Tech Tip: Tailwheel Tune-Up

Keeping your plane on the straight and narrow.


There you are on the taxiway, doing the taildragger weave, canopy rolled back, elbow on the sill, new headset forming a 50-mission crush in your favorite baseball cap. With each swing of the nose you check your path carefully for small animals, loose children, and the old guys from the FBO porch who don’t run very fast. You’re being safe, smooth, and yes, very cool … until the little wheel in the back suddenly pops into full swivel and you run over a taxiway light. Oh the shame!

OK Ace, maybe your tailwheel maintenance is overdue. After all, the poor thing lives in a dirt storm. If it’s giving you a bum steer, follow these simple instructions.

The unit shown here is from Aviation Products, and is typical of the Homebuilder’s Special from Aircraft Spruce, a Van’s RV fork, and the popular Bell, Screaming Eagle, and JD Air Products. If it looks generally similar, chances are it works the same.

Maule units are different, but operate on the same principle. For Bushwheel, Lang, Scott, and Matco, you may wish to obtain a manufacturer’s drawing.

Start by propping up the tail with something sturdy. Remove at least one tailwheel chain, and then remove the big nut and washers on top. Lift off the control arm and wipe it clean. Let it hang to the side for now.

Rotate the fork 90 degrees or more and the pin will be pushed back into the shaft.

The fork will now drop out. As it does, catch the spring-loaded pin with a fingertip. If the pin doesn’t pop out of the shaft, pull it out with pliers. Drop it and the spring in some solvent to soak.

Carefully clean the square bore where the pin fits in the shaft. Your best bet is a spray can of brake cleaner. You want to flush it thoroughly.

Now look carefully for burrs or damage. File or stone as needed. Flush it again until perfectly clean.

Inspect the square pin. Burrs, scars and gouges are common.

Lay a new sheet of 400 or higher grit on a hard, smooth surface. Lap the pin surfaces until the bumps and burrs are gone. Clean it carefully.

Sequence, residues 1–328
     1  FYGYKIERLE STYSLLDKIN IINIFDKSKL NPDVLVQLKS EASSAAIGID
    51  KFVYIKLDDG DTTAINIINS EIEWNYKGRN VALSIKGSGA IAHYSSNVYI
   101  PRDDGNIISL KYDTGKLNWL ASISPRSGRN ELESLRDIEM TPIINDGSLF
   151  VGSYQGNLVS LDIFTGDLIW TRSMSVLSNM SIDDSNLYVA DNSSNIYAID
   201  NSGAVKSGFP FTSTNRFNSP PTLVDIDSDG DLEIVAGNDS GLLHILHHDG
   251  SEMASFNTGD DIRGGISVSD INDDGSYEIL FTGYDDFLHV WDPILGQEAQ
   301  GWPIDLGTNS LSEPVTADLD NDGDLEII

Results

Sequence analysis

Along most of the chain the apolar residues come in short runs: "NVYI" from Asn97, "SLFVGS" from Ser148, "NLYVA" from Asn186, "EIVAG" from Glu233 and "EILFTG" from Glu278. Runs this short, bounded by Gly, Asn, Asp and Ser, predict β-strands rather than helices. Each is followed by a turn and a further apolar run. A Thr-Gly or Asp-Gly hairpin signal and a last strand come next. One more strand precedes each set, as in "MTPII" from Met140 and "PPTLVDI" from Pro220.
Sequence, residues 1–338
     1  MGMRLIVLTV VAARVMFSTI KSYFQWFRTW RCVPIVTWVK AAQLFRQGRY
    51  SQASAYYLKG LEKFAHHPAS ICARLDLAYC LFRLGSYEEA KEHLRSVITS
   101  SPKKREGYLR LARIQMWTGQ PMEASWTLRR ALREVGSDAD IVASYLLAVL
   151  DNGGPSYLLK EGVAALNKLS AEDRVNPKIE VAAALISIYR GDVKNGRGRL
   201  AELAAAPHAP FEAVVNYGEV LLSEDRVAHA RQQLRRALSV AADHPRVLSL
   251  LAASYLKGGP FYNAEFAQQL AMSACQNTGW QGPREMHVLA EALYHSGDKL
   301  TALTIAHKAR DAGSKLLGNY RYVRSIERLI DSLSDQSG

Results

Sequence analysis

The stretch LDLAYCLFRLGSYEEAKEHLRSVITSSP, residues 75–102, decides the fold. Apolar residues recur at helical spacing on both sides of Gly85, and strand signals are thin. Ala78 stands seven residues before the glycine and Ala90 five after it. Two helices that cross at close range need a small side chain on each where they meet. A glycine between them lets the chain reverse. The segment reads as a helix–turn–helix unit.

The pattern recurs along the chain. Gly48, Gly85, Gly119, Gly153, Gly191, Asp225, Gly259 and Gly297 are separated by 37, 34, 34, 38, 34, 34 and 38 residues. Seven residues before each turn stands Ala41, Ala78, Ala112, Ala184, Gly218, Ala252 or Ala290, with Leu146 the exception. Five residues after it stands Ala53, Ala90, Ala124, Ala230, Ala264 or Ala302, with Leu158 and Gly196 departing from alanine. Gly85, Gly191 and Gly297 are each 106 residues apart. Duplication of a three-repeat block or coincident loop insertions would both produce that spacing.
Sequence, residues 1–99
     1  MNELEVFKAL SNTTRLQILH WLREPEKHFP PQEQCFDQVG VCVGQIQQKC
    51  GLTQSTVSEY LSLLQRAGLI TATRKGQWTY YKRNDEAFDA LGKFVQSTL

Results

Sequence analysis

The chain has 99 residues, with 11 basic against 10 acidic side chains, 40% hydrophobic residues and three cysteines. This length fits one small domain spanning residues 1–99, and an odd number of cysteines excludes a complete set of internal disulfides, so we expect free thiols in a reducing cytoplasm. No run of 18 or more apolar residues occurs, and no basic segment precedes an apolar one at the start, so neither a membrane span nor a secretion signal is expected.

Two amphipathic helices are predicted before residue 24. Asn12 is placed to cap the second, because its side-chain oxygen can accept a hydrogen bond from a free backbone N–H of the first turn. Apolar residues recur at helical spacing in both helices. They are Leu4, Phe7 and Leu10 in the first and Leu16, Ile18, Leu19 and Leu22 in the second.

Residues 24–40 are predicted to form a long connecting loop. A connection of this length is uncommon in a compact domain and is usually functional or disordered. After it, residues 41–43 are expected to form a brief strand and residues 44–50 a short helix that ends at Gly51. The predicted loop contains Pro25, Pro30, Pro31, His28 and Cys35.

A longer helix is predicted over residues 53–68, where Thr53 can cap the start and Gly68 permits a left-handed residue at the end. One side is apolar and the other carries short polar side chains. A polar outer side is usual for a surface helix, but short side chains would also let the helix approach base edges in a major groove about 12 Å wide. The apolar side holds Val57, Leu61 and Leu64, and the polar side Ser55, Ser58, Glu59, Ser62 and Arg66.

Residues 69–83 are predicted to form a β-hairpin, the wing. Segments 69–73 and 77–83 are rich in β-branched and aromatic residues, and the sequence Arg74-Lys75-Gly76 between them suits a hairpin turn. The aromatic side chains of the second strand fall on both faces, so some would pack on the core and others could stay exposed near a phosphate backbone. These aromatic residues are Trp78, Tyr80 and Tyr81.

Inspect the slot adjacent to the main bore. Again, smooth and clean are the operative words.

Last, clean the control arm and inspect carefully right at the ends of the half-moon cutout. If burred, use a file or stone, but do not round off the sharp corner. If the corner is worn to a rounded shape, your best bet is a new arm.

Let’s reassemble. Clean and grease the main bore. Grease the pin and its recess. Slide the pin and spring into the recess, push in the pin until flush with the shaft surface, and slide the shaft up into the main bore. If the fork points rearward, the pin will snap into the slot when the shaft is fully inserted. The fork assembly will not fall out.

Add the arm, washer(s), and the big nut. Connect the steering chain. Push a grease gun on the fitting and pump until grease squeezes out around the top and bottom of the shaft.

Now might be a good time to check the wheel bearings for smooth operation. Most are sealed, but yours may need to be cleaned and repacked. You’re done! Go fly—just watch out for the old guys crossing the taxiway.

Dan Horton says he is “just a homebuilder”. He has been a pilot more than 30 years and currently flies a custom RV-8.


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